In re Dowell

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[Crim. No. 2537. Second Appellate District, Division Two. February 21, 1935.]

In the Matter of the Application of NIRAM W. DOWELL for a Writ of Habeas Corpus as to PEGGY JOAN DOWELL, a Minor.

COUNSEL

Gwartney & Gall for Petitioner.

F. B. Mullendore and W. O. Graf for Respondent.

OPINION

Stephens, P. J.

Niram W. Dowell, petitioner, and Charlotte L. Dowell, respondent, heretofore were husband and wife, but prior to the filing of this petition they were [4 Cal. App. 2d 689] divorced. Peggy Joan Dowell, aged nine years, is the adopted child of petitioner and respondent.

The decree of divorce provided that the mother should have the care and custody of the child except that the father should have such care and custody for two consecutive months of each summer and that the father should have the privilege of visiting with the child at any reasonable time.

The mother removed to Los Angeles, California, about August, 1930, bringing said child with her and has resided there with the child ever since. During the year 1931 the court that granted the divorce and custody decree upon the action of petitioner made an order modifying the decree and gave the exclusive custody of the child to the father. The respondent claims that she was never served with any process concerning such hearing and that the said modification was entirely without the jurisdiction of the court making it.

In these circumstances petitioner requests us to issue our writ of habeas corpus to respondent and that she produce the said child and deliver it over to petitioner under such modified decree.

[1] It will be noted that the original decree did not prohibit the removal of the child from the state issuing the decree. We think, therefore, the act of respondent in removing the child to California was not of itself an illegal act. [2] The respondent and the child residing legally in California, it will be presumed that the mother is in the rightful possession of her female child of tender years and we do not understand that the writ of habeas corpus can be used to try an issue raised thereon. The trial courts are open for that purpose. If the child were in some imminent danger as to its safety, health, morals or reasonable comfort, we think the writ the proper remedy, but not otherwise in the circumstances of this cause.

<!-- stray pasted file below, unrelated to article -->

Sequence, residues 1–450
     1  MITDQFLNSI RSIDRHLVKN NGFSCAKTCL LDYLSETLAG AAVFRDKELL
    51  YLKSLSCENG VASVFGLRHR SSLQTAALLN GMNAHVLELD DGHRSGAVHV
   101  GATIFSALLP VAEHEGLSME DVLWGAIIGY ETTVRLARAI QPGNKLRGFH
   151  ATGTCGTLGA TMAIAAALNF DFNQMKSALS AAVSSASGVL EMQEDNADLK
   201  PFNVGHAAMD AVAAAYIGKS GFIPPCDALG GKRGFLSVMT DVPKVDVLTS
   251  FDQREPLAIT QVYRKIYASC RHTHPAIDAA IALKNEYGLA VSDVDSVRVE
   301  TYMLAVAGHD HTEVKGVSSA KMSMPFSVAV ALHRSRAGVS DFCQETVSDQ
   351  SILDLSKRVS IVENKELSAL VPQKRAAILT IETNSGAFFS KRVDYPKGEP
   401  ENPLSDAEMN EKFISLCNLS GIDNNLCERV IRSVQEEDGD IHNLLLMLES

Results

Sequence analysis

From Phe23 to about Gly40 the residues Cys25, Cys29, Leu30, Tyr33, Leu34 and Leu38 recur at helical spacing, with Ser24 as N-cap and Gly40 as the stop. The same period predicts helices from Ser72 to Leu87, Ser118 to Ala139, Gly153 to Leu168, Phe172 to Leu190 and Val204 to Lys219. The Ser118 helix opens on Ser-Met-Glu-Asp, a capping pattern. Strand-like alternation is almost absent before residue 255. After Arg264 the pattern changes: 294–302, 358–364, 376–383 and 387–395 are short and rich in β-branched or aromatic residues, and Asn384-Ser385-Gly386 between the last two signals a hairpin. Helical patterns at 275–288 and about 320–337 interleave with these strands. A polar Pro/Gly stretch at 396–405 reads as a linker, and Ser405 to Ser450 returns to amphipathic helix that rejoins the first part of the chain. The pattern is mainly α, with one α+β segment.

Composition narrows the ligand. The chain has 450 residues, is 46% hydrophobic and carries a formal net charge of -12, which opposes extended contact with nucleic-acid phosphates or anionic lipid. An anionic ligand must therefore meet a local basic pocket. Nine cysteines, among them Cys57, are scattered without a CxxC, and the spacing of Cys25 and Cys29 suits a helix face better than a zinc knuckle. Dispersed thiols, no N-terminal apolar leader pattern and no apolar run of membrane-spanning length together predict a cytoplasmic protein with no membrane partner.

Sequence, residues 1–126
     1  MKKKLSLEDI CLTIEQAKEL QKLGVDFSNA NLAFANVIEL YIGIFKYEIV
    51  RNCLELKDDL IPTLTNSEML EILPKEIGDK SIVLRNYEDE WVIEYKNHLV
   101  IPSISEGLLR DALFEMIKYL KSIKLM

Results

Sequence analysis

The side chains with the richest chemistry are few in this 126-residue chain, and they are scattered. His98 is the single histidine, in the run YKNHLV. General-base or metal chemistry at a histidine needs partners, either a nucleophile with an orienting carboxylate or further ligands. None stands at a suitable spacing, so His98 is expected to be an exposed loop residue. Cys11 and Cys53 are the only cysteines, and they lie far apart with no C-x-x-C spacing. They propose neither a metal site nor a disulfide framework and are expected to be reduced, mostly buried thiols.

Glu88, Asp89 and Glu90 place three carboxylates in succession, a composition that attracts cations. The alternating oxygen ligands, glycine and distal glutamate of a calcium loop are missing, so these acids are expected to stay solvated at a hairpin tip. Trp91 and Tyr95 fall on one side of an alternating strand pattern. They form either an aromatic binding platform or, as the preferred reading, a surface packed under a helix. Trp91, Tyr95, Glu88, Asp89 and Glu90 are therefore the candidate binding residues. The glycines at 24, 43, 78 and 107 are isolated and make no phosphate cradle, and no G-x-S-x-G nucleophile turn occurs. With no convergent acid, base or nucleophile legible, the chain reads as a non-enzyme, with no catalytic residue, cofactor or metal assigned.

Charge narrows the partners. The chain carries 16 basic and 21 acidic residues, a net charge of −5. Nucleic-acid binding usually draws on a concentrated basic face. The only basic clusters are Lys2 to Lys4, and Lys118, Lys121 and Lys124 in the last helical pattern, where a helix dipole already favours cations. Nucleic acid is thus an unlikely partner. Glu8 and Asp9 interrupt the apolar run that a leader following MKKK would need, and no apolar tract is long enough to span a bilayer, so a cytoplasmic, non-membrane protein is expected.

With this view of the law we appointed our referee to examine into such later issue, limited to the moral and economic fitness of respondent to have the care and custody of the child, and after hearing all of the testimony on either side thereon, said referee reported to us: "There was no evidence of, and the referee finds that there is no moral or economic unfitness of the said Charlotte Gooding (respondent under her present married name) which would render her an improper person to have the custody of the child at [4 Cal. App. 2d 690] this time." This report has been accepted and adopted by this court. We have carefully examined the authorities submitted on behalf of petitioner, but we deem it of no particular value to anyone to analyze them herein as we have given our view of the matter in the body of the opinion.

The writ of habeas corpus is discharged.

Crail, J., concurred.